A word of caution, this doesn’t mean that one should mimic human personality, the more it mimics, the more it will be compared to a real human and obviously will not match up.
5. Think Think Think
It’s time to bring out your imaginary childhood friends and talk to them as if it was a real conversation or imagine you’re writing the script for the next Hollywood blockbuster. Visualize the conversation. It’ll help if this is done by multiple people from the same user base as the chat bots.
A few topics of those discussions would be –
- How many ways the conversation can start?
- Various routes it can take? Take help from a Q&A database if it’s there.
- Voice & tone based on the persona of the bot
- The strategy to steer the user back in the scope of the conversation if they digress
- Strategy to adopt when the chat bot is unable to handle the conversation
Remember to document everything as you go about it since it’s a long drawn process. A simple tool like Twine can help you with that. That’s your script for the bot.
6. Get feedback before building
The time you’ve spent with your daughter drinking imaginary tea with her dolls comes in handy now. It’s role play time. So, before we start building the bot, it’s always better to do dry runs of the conversations. It’s best done with two team mates sitting and role playing with the script at hand and sorting out any issues or routes that were missed. A word of caution here, you will feel a bit awkward and are sure to get stares from co-workers unless you do it in a closed room. You will get better at it with time and maybe start enjoying it and who knows that hidden actor inside of you could just come out of the closet.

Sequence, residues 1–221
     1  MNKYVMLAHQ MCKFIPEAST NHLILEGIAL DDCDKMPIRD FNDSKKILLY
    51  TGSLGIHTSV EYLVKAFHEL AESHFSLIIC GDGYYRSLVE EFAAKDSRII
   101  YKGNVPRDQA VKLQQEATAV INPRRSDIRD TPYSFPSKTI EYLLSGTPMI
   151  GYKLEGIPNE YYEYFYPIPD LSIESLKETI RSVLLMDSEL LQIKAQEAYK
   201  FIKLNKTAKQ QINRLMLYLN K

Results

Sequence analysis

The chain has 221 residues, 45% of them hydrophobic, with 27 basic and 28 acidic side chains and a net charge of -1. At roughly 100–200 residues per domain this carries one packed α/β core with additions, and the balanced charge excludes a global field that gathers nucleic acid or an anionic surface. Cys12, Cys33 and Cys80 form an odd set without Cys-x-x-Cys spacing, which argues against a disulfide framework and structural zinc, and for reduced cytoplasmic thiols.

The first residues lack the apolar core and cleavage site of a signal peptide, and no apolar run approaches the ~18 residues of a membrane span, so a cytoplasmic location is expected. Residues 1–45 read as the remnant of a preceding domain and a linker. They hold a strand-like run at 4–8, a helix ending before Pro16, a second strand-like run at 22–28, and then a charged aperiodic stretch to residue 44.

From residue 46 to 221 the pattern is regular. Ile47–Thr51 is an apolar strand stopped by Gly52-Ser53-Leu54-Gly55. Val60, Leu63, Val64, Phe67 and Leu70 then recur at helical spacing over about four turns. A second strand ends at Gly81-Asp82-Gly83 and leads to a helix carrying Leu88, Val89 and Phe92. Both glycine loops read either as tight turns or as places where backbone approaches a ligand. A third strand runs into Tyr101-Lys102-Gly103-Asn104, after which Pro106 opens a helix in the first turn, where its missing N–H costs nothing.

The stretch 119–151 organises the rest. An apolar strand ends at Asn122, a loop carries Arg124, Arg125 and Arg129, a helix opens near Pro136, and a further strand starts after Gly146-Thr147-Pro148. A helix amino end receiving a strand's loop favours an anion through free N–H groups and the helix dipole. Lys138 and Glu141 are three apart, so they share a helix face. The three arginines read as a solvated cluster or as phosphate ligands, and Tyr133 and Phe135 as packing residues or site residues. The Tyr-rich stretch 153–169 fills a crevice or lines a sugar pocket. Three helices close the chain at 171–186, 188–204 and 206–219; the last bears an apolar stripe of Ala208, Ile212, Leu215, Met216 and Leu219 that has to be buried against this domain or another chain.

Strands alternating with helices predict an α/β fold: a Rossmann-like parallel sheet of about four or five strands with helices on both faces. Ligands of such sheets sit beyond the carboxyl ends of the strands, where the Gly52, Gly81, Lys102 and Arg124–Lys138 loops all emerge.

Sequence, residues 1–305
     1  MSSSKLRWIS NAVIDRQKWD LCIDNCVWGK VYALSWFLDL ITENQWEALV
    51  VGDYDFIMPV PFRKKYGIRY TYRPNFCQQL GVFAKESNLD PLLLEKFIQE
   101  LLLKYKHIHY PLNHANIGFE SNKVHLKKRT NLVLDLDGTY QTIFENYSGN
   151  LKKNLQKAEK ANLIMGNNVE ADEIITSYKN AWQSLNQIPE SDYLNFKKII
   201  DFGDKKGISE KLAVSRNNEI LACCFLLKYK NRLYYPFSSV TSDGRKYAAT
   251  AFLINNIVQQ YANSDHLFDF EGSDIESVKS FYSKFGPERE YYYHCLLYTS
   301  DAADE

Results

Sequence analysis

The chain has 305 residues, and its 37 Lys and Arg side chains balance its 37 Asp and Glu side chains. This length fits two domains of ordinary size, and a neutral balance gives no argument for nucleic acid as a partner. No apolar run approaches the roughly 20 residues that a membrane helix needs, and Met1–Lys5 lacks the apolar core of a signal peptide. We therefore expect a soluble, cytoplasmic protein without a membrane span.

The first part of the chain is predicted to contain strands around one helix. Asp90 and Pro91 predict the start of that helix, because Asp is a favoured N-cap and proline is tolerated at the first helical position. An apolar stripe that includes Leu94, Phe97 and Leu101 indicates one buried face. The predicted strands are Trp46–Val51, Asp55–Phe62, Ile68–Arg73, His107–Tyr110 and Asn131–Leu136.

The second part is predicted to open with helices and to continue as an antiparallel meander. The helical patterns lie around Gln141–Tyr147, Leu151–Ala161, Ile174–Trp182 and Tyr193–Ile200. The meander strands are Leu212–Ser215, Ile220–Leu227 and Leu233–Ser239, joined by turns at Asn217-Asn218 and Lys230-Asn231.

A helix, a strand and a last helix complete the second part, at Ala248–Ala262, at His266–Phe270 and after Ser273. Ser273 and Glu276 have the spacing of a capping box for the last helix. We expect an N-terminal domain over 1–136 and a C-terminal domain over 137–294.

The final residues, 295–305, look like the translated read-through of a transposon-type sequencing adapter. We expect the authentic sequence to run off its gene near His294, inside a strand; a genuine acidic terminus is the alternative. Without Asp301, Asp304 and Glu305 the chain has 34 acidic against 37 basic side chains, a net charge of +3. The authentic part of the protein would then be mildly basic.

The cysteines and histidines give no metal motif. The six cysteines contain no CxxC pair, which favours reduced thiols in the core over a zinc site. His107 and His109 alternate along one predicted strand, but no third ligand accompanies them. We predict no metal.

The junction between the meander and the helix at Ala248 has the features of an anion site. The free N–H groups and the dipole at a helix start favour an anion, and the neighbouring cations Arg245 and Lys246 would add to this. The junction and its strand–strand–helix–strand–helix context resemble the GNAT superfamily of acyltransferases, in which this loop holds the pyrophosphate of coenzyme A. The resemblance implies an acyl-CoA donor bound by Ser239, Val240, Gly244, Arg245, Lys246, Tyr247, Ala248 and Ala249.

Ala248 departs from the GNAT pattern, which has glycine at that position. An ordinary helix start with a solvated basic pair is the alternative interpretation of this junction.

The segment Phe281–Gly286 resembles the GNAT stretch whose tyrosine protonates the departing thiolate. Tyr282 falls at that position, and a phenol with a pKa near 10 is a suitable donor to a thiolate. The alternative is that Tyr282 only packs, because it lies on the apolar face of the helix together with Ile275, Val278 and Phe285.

It’s also OK to take professional help for steps 3,4,5 and 6 – a person with a little known job role of a Conversational copywriter could do all that for you. It’s a difficult and time consuming process and creative folks can do a much better job than a technical team.
Conversational copywriting is a job role which is soon to become hot.
7. Feedback strategy
Just like you would do bug fixes in your code when the application is deployed. Personality also needs slight adjustments as and when real people use the bot. The easiest way to do that is go through the chat transcripts and figure things out but that could become tedious as you scale. Think about automated means of finding good conversations from bad ones at the minimum. Maybe an emoji response could be a trigger or maybe a thumbs down or maybe a sequence of responses could indicate that the user is not satisfied. Finding bad (and good) experiences and using that feedback to improve the UX is very important – It’s a continuous process, an intelligent chat bot is supposed to learn and improve with time.
Once we’re thru with this 7 step process, it’s time to build your bot. Go ahead and play, the homework is all done now.
In my next articles in the series, I’ll start discussing about the implementation part of the chat bot. A Reference architecture to start with (hey! I’m an Architect, you know).
[About the author: Rishi Arora works as an Analytics Architect at IBM India Pvt Ltd and is currently working on building a Virtual Tutor.
*This article represents my personal views; I do not represent the view of my employer (IBM) in any way. This article was originally published on Linkedin.]